On Mon, Jul 30, 2012 at 5:41 PM, Thomas Badie <thomas.ba...@gmail.com> wrote:
> Hi all,
> When I should fixup or squash a commit, I nearly never
> remember how to get the sha1 of the commit I want to fixup.
> Because sometimes HEAD~n is not enough, I make `git log`,
> copy the sha1 of the right commit and paste it in my git
> fixup command. So I wrote a perl script to avoid the usage
> of the mouse. And after discussion with some of my friends,
> this can be generalized as a generic command line interface
> tool to get a sha1.
> The idea is to have a perl module which run through
> the log history and print 10 shortlog associated with a number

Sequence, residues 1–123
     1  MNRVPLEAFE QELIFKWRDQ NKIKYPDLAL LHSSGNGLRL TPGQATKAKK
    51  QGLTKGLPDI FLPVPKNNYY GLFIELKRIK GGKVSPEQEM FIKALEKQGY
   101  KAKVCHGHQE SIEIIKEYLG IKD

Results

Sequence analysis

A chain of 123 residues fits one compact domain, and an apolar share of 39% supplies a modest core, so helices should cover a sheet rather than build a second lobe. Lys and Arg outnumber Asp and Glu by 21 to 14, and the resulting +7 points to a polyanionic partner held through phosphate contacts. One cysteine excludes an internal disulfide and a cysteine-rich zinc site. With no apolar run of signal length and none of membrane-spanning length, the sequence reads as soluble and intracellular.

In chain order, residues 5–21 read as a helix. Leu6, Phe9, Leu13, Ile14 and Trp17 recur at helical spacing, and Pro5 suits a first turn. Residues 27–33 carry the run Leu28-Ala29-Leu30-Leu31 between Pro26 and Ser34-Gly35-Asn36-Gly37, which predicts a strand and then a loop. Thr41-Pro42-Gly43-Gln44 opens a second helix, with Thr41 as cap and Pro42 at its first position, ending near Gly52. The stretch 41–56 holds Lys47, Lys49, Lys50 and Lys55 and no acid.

> from 0 to 9, and a message below "Select commit [| 0, 9 |] or
> next row ?" or this kind of message with several options.

In general, I prefer nothing to be *interactive*, so I would vote an
emphatic no.

Also, try "tig" and see if you can customise it.  For example, in
order to create a new commit that is meant to be a fixup of some other
commit, I 'git add' what is needed (either command line or tig again)
then hit "m" to the main window, scroll down to the commit concerned,
and hit "=".

That "=" comes from this line in ~/.tigrc:

    bind    main            =   !git commit --fixup=%(commit)

Please use such methods to keep interactivity where it belongs, is my opinion.
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